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Policeman’s Benevolent Association, Local 292 v. Borough of North Haledon

158 N.J. 392, 730 A.2d 320 (1999)

ARBITRATION; CONFIRMATION—Under common law, an arbitration award may be confirmed even if more than three months have passed for statutory confirmation, but actions to vacate or modify an award must be commenced within the three month period.

Pursuant to a clause in an agreement, a policeman’s benevolent association filed a grievance and the matter proceeded to arbitration. The arbitrator entered an award in favor of the association against a municipality. The association waited beyond the expiration of the three-month limit for confirmation of arbitration awards pursuant to N.J.S. 2A:24-7 (the Arbitration Act). Instead, a month after the expiration of the confirmation period, it instituted a plenary action for confirmation in the Chancery Division. Two months later, the municipality filed an answer and counterclaim, seeking to vacate the award and asserting numerous affirmative defenses. The association claimed that the municipality’s counterclaim was time-barred as beyond the three-month limit set forth in the summary confirmation section of the Arbitration Act. The Chancery Division agreed with the association and confirmed the award, but the Appellate division held that the failure of either party to institute a timely summary action prevented both the confirmation and the vacation of the award.

This further appeal to the New Jersey Supreme Court resulted in a ruling that, in the absence of a specific agreement to the contrary, a party may institute a common-law plenary action to confirm an arbitration award after the expiration of the three-month limit in the Arbitration Act. In reaching this conclusion, the Supreme Court found that nothing in the Act’s provisions or history purported to repeal common-law arbitration and that judicial review of arbitration awards is limited to fraud, corruption or undue means. Essentially, “arbitration should be an alternative to, not the first step in, a judicial proceeding.” Under the Act, either party to an arbitration proceeding may move to confirm an award within three months of the date of its delivery. Once confirmed, the award is as conclusive as a court judgment. A party may seek to vacate or modify an award, either in response to an action to confirm, or as an independent action. In either case, the action must be instituted within three months of the award’s delivery. If an action to confirm is not so instituted, the party seeking to confirm, usually the prevailing party, may not avail itself of a summary action. For the party seeking to vacate or modify an arbitration award, the failure to act results in the loss of both the right to institute a summary action to vacate and the right to assert a counterclaim in a plenary confirmation action. The Court further held that if the parties had intended to limit themselves to a summary action, they could have agreed, expressly or impliedly, that the Act was to provide the sole method of enforcing an award. Nothing in their agreement and nothing in the PERC rules, precluded the parties from using common-law procedures. Although there is a distinction between “interest arbitration” and “grievance arbitration” in the PERC rules, that difference was not operative here. Apparently, had the dispute been subject to “interest arbitration,” which is essentially a creature of statute, the arbitrators would have been required to apply specific uniform criteria and adhere to strict deadlines.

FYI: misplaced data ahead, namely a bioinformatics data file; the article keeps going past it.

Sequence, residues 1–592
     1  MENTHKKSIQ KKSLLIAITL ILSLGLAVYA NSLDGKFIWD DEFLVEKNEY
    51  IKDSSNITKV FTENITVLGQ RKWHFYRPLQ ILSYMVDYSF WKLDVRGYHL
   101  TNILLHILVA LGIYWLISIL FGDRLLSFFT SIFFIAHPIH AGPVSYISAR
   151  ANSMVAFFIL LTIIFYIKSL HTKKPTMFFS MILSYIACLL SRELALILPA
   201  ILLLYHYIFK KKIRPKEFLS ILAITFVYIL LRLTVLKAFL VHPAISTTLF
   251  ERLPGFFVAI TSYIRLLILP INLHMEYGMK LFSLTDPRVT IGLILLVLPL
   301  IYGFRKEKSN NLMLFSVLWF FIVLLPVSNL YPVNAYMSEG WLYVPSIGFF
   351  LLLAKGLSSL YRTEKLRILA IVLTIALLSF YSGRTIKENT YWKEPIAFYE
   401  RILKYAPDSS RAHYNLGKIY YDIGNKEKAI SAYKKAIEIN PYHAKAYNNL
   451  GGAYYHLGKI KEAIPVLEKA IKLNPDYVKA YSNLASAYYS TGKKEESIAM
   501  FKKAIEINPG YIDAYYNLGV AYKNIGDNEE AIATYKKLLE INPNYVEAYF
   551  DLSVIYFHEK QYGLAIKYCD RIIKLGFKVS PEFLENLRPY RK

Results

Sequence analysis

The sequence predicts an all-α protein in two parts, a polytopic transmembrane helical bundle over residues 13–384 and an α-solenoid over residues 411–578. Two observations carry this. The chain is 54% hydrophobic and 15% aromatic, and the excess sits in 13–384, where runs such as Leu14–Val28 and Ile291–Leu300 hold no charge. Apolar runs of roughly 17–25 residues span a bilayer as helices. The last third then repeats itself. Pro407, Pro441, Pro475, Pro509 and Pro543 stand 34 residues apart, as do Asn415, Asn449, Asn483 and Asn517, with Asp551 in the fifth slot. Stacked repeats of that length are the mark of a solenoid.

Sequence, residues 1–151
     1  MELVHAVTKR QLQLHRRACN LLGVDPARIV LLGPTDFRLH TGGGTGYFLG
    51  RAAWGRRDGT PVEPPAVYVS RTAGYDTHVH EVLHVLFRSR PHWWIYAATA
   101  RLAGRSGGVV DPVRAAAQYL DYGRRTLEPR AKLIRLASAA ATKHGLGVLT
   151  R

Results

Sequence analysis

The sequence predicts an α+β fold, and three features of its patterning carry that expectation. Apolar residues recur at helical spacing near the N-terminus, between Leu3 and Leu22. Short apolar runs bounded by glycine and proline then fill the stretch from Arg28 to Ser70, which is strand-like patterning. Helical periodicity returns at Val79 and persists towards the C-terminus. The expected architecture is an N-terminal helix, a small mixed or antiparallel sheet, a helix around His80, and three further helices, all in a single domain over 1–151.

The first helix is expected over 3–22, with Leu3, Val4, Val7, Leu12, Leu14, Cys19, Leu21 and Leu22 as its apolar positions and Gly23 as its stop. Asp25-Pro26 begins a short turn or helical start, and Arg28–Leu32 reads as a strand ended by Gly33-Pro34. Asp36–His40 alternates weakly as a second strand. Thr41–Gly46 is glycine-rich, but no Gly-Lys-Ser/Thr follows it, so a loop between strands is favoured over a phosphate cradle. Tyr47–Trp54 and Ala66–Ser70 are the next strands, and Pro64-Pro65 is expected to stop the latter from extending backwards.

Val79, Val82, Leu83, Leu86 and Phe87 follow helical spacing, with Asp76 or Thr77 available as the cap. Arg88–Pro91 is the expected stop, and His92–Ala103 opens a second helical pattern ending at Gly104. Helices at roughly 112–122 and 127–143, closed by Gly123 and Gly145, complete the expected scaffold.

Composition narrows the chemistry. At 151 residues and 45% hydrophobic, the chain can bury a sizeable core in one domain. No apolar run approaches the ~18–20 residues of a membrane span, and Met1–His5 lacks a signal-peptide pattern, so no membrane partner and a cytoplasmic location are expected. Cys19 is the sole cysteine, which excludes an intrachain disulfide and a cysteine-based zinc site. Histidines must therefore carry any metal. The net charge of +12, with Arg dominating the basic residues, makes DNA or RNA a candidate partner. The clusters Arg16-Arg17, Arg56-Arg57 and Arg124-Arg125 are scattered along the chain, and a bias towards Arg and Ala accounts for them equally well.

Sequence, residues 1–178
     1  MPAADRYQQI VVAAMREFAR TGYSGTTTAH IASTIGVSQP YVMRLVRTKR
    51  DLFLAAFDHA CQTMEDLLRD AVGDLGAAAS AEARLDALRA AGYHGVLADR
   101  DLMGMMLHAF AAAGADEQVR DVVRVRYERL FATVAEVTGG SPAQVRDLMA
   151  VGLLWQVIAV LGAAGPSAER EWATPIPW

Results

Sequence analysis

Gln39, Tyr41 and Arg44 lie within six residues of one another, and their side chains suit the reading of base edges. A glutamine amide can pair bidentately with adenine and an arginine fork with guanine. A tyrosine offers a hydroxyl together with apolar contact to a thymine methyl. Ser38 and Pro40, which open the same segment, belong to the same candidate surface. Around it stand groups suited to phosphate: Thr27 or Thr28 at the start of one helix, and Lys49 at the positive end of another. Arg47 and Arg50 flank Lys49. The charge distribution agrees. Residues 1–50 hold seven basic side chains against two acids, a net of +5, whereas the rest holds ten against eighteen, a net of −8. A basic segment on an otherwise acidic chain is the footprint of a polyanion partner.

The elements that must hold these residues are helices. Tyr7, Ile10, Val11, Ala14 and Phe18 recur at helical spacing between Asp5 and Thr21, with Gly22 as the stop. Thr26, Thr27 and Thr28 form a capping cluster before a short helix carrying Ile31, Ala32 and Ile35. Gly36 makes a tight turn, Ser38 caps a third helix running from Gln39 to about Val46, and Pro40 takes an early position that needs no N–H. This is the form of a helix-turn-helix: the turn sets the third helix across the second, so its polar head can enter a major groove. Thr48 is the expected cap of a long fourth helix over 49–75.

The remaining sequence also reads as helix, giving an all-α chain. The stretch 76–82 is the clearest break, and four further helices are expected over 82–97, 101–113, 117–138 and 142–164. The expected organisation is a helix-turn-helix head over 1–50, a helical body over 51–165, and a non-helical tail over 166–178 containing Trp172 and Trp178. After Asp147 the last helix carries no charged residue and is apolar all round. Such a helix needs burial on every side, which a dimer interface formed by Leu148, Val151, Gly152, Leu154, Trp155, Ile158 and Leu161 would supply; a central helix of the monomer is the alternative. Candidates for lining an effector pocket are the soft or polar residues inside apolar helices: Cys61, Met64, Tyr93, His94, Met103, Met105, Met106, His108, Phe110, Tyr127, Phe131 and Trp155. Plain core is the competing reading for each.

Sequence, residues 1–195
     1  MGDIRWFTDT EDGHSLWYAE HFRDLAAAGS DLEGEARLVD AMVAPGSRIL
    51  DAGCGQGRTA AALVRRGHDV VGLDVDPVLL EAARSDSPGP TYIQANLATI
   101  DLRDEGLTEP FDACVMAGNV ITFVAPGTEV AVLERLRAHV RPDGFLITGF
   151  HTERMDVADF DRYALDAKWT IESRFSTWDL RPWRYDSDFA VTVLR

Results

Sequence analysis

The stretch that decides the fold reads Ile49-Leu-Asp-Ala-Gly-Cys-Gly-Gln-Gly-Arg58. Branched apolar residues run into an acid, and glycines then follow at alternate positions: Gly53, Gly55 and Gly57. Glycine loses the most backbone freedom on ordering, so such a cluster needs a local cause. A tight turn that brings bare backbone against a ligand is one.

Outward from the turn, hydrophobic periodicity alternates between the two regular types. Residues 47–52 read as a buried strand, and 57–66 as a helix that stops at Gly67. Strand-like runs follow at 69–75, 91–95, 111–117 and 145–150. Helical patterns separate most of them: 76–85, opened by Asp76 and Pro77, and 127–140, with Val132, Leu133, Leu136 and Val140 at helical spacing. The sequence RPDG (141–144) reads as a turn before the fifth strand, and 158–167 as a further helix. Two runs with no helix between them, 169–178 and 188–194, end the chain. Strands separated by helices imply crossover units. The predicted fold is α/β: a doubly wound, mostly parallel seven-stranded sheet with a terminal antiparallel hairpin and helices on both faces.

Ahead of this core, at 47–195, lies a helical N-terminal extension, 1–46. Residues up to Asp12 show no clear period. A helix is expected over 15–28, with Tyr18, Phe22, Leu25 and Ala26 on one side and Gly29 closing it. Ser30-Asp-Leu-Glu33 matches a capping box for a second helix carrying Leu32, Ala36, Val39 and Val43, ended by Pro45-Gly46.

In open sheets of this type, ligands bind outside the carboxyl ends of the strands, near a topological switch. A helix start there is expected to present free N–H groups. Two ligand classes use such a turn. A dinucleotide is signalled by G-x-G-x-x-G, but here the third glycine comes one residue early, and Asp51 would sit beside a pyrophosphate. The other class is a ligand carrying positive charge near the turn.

The Court was also concerned about the sound policy considerations that support the continuing availability of common-law confirmation because depriving the parties of common-law confirmation would consign them to a legal limbo if the three-month limit were an absolute bar to confirmation. In the Court’s mind, such a result would not be fair, efficient or reasonable. In addition, depriving the prevailing party of the right to common-law confirmation would redound to the benefit of the losing party. On the other hand, strict enforcement of the three-month limit for a summary action to vacate serves to support arbitration as an alternative to litigation, not an invitation to it. An action to vacate challenges the underlying validity of the award and disrupts arbitration as a speedy and effective method of resolving disputes. In conclusion, the Court held that the prevailing party retains the common-law right to seek confirmation in a plenary proceeding within the six-year statute of limitations applicable to contracts and although the losing party may not institute an action to vacate an award after the expiration of three months, it may file an answer asserting affirmative defenses.


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